Monday, December 26, 2005

Christmas Gifts

In recent years, I have not been a happy recipient when opening gifts because the economics of gift giving saddens me. My main opposition is that there is no so-called “efficient gift” in the any exchange. Never will there be a gain in utility from a gift exchange. There can only be “0” or no gain in utility and this exchange is often in the form of money. With money, the recipient can use the gift in the most efficient manner to serve their needs. Whereas with gift certificates, the recipient is constrained to a particular store/set of stores and does not allow the recipient to serve their core interests. Other possibilities where utility may not be lost are when an individual finds an extreme deal and due to imperfect information an individual may not have made a transaction. Another possibility is when a long-distance relative or friend sends or brings a regional item or a gift not available in your area. An example is a friend brings you a Dave Matthew’s Band t-shirt (that they got at a concert) or my grandma bringing Seroogee chocolates from eastern Wisconsin. These gifts are efficient in the sense that the recipient may not have access or strong access to a particular gift.

Given that gifts in most cases bring a loss in utility for individuals across the US, I have a tough time sitting around the Christmas tree opening presents. So instead of thinking about the loss in utility in the micro-level (my family) and the macro-level (the United States and other nations that celebrate Christmas), I try to focus on God and his gift in his own son, Jesus. Ignoring economics, there are a number of things that makes God’s greatest gift to us so awesome. This gift and any gift have 5 main characteristics (props to Dad for the outline):

An Expression of Love

Romans 5:15 (NIV) ….how much more did God's grace and the gift that came by the grace of the one man, Jesus Christ, overflow to the many!

To a sinful world, God did not have to send his son. Yet, God did send his son to defeat sin and give everyone the freewill to accept the love of his son.

Meets a Need

Romans 5:16 (NIV) Again, the gift of God is not like the result of the one man's sin: The judgment followed one sin and brought condemnation, but the gift followed many trespasses and brought justification.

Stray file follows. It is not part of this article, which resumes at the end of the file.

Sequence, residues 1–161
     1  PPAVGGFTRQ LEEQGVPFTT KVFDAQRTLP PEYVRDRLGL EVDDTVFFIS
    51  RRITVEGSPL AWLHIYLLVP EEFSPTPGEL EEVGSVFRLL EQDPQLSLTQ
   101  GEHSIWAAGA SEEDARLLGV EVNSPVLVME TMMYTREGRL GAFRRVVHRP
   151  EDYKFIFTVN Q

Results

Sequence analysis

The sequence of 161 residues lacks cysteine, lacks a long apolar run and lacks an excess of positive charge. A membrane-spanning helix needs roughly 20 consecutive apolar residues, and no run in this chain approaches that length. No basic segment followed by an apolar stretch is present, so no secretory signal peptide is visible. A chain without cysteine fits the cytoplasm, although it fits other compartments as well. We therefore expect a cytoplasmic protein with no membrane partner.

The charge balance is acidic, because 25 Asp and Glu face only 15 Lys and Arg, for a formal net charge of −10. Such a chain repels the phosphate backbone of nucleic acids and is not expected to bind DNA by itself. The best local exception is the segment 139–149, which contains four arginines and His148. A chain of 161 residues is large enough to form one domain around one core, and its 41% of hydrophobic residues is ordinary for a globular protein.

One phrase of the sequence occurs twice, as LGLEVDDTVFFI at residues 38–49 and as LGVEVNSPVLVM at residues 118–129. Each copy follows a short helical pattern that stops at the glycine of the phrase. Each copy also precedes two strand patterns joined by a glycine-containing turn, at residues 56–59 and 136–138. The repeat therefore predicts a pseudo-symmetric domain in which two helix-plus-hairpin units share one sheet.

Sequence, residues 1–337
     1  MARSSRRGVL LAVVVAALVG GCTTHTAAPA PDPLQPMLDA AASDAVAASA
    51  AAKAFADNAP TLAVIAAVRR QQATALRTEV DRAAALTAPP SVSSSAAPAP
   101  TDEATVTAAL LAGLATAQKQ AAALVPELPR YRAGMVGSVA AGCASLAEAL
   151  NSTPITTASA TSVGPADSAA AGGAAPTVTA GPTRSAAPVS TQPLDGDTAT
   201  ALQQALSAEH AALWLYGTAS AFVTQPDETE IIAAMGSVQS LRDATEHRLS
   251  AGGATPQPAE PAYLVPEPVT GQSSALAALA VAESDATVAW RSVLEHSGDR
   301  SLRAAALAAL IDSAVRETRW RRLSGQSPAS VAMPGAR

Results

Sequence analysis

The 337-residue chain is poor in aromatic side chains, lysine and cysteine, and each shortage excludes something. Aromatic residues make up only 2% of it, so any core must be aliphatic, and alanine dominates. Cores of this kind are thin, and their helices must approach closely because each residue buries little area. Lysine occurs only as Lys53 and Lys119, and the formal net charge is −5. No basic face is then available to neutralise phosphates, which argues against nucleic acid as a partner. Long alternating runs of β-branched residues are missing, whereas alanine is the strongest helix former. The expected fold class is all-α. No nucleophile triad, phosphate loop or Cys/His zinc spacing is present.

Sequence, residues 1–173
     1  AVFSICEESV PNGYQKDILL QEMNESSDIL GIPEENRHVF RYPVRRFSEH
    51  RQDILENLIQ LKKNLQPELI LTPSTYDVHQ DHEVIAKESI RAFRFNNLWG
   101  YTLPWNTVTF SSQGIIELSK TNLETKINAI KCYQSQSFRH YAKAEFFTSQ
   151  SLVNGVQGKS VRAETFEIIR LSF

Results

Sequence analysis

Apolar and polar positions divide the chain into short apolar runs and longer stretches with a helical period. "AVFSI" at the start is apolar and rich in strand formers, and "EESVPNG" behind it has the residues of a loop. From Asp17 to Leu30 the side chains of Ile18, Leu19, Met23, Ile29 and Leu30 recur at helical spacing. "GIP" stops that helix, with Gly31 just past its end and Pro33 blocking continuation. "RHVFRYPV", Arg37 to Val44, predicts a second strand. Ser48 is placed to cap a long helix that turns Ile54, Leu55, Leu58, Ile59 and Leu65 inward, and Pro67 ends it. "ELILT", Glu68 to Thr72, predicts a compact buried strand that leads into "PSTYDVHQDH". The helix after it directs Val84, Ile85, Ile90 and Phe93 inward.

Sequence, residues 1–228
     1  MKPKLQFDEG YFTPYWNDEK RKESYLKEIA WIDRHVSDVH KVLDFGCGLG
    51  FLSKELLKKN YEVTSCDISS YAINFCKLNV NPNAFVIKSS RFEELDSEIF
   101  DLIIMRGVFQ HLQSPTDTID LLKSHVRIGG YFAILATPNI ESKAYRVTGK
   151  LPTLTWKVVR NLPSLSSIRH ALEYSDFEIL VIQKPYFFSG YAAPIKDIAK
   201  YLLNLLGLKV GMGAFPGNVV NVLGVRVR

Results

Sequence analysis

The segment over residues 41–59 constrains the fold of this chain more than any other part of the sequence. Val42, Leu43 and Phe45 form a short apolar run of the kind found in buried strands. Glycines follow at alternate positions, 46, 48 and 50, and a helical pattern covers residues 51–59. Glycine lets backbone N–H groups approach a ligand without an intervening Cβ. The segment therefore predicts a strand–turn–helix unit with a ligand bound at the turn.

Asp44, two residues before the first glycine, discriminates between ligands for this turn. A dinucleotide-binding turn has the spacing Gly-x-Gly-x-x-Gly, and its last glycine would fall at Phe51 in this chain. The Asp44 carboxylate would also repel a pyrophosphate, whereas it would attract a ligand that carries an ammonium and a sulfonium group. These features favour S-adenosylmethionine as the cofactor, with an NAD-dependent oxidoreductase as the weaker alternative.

God met the need through his son because of man’s “many trespasses” or sins commit throughout his/her lifetime. The fact is that an individual cannot earn salvation or a relationship to God by our own willpower, goodness or righteousness. We need God and the gift of his son Jesus met this need.

Lasting Value

Romans 5:21 (NIV) …so that, just as sin reigned in death, so also grace might reign through righteousness to bring eternal life through Jesus Christ our Lord.

The implications of accepting the life, death, and resurrection of Jesus Christ not only are of extreme importance in this world but the life to come in heaven. While gifts received this Christmas will only be last a limited time on this earth, the gift of Jesus is forever for those who believe (according to Revelations and the rest of the New Testament).

Costly Sacrifice

Romans 5:7-8 (NIV)

Very rarely will anyone die for a righteous man, though for a good man someone might possibly dare to die. But God demonstrates his own love for us in this: While we were still sinners, Christ died for us.

Jesus’ bore the ultimate price of a painful death and execution on the Christ. Obviously, other people on this earth have led painful deaths too. But, Jesus’ was truly not guilty and was never guilty of a sin in his lifetime even though a mortal human being. He also had the ability to avoid his death but clearly he knew that this was his ultimate mission, to be a human sacrifice for humanity.


Romans 5:1 (NIV) Therefore, since we have been justified through faith, we[a]have peace with God through our Lord Jesus Christ..

The relief and euphoria one feels when accepting Jesus into your life is not only life-shattering and mind-blowing but also a surprise. When an individual begins to trust in the God of Abraham and biblical values rather than on themselves and religious/secular values, he/she will be surprised on how their outlook and perspective on life changes.

*I hope that you can celebrate the gift of Jesus and all other minor gifts this Christmas and Holiday Season. The analysis is short (a much longer dialogue could have be added) and if anyone has any questions please comment.

**I am not criticizing gift giving as a whole and I still like to give/receive gifts. I think that there definitely is something besides the pure transaction of giving/receiving gifts. From a purely economic standpoint, it does bother me to a point.

Wednesday, December 21, 2005

Patriot Games: Libertarian Republicans Rising Up

The Patriot Act is currently blocked in the Senate with our friend from Janesville leading the charge. The real strength in the opposition is not from the Democrats on board but rather the Republicans who took a stand in the name of curtailing government intrusion and protecting civil liberties. These individuals are the minority libertarian Republicans in the Senate and include Lisa Murkowski (AK), John Sununu (NH), Larry Craig (ID). Some recent quotes:

"In my state, I think there's pretty strong support for protecting civil liberties during times of war and peace." --John Sununu

"Folks, when we're dealing with civil liberties, you don't compromise them," --Larry Craig

“With a few modest but critical improvements, like making sure that when the government seeks library records it has to show that those records have some connection to a suspected terrorist or spy, we can give the government the powers it needs while also protecting the constitutional rights of law-abiding citizens.” --Russ Feingold

Looking at the bill, here are some controversial parts:

Information Sharing

Sec. 203(b) and (d): Allows information from criminal probes to be shared with intelligence agencies and other parts of the government.